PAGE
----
(This article belongs to the Special Issue Hydrogeochemistry and Groundwater Management)
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Open AccessArticle
Subsampling of Regional-Scale Database for improving Multivariate Analysis Interpretation of Groundwater Chemical Evolution and Ion Sources
Geosciences 2019, 9(3), 139; https://doi.org/10.3390/geosciences9030139
Received: 21 January 2019 / Revised: 6 March 2019 / Accepted: 11 March 2019 / Published: 21 March 2019
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Abstract
Multivariate statistics are widely and routinely used in the field of hydrogeochemistry. Trace elements, for which numerous samples show concentrations below the detection limit (censored data from a truncated dataset), are removed from the dataset in the multivariate treatment. This study now proposes [...] Read more.
Multivariate statistics are widely and routinely used in the field of hydrogeochemistry. Trace elements, for which numerous samples show concentrations below the detection limit (censored data from a truncated dataset), are removed from the dataset in the multivariate treatment. This study now proposes an approach that consists of avoiding the truncation of the dataset of some critical elements, such as those recognized as sensitive elements regarding human health (fluoride, iron, and manganese). The method aims to reduce the dataset to increase the statistical representativeness of critical elements. This method allows a robust statistical comparison between a regional comprehensive dataset and a subset of this regional database. The results from hierarchical Cluster analysis (HCA) and principal component analysis (PCA) were generated and compared with results from the whole dataset. The proposed approach allowed for improvement in the understanding of the chemical evolution pathways of groundwater. Samples from the subset belong to the same flow line from a statistical point of view, and other samples from the database can then be compared with the samples of the subset and discussed according to their stage of evolution. The results obtained after the introduction of fluoride in the multivariate treatment suggest that dissolved fluoride can be gained either from the interaction of groundwater with marine clays or from the interaction of groundwater with Precambrian bedrock aquifers. The results partly explain why the groundwater chemical background of the region is relatively high in fluoride contents, resulting in frequent excess in regards to drinking water standards. Full article
(This article belongs to the Special Issue Hydrogeochemistry and Groundwater Management)
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Open AccessArticle
Nitrogen Cycle Dynamics Revealed Through δ18O-NO3 Analysis in California Groundwater
Geosciences 2019, 9(2), 95; https://doi.org/10.3390/geosciences9020095
Received: 31 December 2018 / Revised: 11 February 2019 / Accepted: 13 February 2019 / Published: 18 February 2019
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Abstract
Nitrate is a significant water-quality issue in California, the United States as a whole, and the world. Critical to addressing nitrate contamination is understanding the presence and extent of denitrification, and further refining the techniques used to identify nitrate sources. The use and [...] Read more.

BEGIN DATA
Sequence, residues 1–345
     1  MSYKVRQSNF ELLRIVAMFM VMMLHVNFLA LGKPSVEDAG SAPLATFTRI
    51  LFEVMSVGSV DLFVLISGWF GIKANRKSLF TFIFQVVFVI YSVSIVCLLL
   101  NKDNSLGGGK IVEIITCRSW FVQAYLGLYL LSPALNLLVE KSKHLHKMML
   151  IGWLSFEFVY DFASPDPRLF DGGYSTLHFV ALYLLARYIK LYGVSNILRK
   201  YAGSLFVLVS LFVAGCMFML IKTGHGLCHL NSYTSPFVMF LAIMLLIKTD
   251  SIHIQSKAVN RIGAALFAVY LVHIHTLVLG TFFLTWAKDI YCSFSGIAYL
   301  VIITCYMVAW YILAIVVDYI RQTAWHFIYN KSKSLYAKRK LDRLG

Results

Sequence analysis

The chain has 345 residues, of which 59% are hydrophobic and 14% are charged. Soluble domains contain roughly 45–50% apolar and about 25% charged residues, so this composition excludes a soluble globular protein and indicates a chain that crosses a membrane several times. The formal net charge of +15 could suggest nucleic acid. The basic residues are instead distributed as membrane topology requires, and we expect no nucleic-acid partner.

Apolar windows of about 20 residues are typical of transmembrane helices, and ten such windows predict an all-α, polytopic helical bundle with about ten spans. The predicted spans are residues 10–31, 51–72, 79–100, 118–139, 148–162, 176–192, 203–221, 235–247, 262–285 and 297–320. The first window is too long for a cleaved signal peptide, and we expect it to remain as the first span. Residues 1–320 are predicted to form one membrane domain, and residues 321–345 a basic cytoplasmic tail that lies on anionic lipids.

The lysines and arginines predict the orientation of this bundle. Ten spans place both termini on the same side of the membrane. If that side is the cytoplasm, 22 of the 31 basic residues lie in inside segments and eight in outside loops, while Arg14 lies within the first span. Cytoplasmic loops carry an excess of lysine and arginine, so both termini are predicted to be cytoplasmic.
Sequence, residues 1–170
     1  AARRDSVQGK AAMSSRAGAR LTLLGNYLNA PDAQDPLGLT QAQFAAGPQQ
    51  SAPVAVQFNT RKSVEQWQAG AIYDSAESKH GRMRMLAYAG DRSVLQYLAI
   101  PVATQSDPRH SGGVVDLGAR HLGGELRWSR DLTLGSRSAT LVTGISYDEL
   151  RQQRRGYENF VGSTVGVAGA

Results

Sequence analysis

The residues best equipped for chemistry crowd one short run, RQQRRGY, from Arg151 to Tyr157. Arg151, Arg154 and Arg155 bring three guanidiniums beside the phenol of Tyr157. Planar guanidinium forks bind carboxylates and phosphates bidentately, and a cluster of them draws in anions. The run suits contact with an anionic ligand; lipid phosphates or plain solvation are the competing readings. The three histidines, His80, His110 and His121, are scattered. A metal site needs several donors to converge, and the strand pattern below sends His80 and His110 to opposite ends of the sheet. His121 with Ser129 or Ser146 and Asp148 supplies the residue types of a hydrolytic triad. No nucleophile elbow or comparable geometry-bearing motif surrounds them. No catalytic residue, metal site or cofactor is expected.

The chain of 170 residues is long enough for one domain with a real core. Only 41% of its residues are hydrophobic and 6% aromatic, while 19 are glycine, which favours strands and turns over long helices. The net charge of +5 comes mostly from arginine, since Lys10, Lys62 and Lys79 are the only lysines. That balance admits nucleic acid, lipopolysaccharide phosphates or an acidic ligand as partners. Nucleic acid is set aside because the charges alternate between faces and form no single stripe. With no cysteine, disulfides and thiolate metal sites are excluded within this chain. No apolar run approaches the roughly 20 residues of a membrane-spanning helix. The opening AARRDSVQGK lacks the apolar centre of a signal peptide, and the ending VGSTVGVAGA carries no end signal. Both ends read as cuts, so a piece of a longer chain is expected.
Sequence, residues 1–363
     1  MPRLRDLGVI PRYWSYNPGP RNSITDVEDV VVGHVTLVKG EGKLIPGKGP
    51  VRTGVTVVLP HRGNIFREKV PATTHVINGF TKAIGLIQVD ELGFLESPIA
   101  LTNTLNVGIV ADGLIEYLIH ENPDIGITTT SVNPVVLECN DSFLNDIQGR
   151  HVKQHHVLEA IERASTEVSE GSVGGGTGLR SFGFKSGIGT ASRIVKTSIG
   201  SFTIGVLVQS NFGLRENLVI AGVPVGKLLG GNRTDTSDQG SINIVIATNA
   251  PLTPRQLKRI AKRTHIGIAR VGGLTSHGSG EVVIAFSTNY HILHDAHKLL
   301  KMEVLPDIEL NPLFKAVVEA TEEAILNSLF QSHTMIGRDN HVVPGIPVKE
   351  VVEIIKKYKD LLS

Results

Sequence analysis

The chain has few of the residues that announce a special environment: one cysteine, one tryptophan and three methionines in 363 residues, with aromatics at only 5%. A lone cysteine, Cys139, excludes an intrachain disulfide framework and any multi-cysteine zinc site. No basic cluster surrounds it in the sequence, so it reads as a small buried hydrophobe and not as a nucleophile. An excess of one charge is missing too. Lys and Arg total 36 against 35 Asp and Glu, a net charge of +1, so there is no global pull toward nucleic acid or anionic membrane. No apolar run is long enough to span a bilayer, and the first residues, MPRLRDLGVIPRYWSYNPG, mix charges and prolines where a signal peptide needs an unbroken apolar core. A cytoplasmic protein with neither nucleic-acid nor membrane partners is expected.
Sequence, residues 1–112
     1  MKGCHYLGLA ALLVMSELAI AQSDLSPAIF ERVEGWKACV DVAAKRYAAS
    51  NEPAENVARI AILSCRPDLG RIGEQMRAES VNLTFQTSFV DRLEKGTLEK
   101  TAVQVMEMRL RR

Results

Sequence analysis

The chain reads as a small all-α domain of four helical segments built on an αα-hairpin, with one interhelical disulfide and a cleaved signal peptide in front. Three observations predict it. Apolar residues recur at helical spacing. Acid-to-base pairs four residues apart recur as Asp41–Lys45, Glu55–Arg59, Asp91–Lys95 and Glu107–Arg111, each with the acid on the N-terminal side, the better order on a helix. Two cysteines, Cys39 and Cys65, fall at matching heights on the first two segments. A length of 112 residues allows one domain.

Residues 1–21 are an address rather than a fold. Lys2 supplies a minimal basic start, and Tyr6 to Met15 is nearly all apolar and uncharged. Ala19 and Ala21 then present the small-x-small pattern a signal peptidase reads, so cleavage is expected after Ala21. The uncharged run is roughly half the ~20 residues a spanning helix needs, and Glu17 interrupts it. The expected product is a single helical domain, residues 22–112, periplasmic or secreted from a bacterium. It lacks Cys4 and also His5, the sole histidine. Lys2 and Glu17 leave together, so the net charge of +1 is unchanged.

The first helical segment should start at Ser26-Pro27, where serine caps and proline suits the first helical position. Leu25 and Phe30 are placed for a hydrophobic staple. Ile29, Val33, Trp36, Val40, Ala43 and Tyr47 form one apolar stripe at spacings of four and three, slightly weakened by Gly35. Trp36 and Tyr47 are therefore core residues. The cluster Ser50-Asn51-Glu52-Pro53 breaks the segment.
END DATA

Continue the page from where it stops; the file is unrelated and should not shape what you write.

Nitrate is a significant water-quality issue in California, the United States as a whole, and the world. Critical to addressing nitrate contamination is understanding the presence and extent of denitrification, and further refining the techniques used to identify nitrate sources. The use and understanding of nitrate isotopic signatures to identify nitrate sources have advanced tremendously; however, knowledge gaps remain concerning specific fractionation pathways and the role of denitrification in altering source values. Using a large unique database of California groundwater nitrate isotopic compositions, we explored the utility of nitrate–oxygen isotope ratios in determining specific nitrate origins. Lawrence Livermore National Lab (LLNL) samples were supplemented by United States Geological Society (USGS) data to create a dataset of over 1200 dual-isotope results. Methods used at LLNL allowed for the determination of δ15N-NO3, δ18O-NO3, δ18O-H2O, δ2H-H2O, excess air, major dissolved gases, and excess N2. Results were examined for the degree to which δ18O-NO3 conforms to the model of nitrification in which two atoms of oxygen are sourced from ambient water and one from the atmosphere. Almost 80% of the results fall within one standard deviation of predicted values. However, 19% of samples had significantly higher values, suggesting the preservation of a synthetic nitrate source signature, mixing of sources, or widespread denitrification. Results were examined with respect to general land-use classifications and, while nitrate concentrations followed the expected pattern of being higher in agricultural settings, δ18O-NO3patterns are complicated by application of N-fertilizer in various forms, and subsequent N cycling in the soil zone. We found that the current understanding of oxygen isotope-fractionation mechanisms cannot yet explain the prevalence of oxygen-isotope compositions with higher than predicted δ18O values, but when paired with related data such as land use and indicators of denitrification, oxygen-isotope compositions of nitrate can help to assess nitrogen cycle dynamics. Full article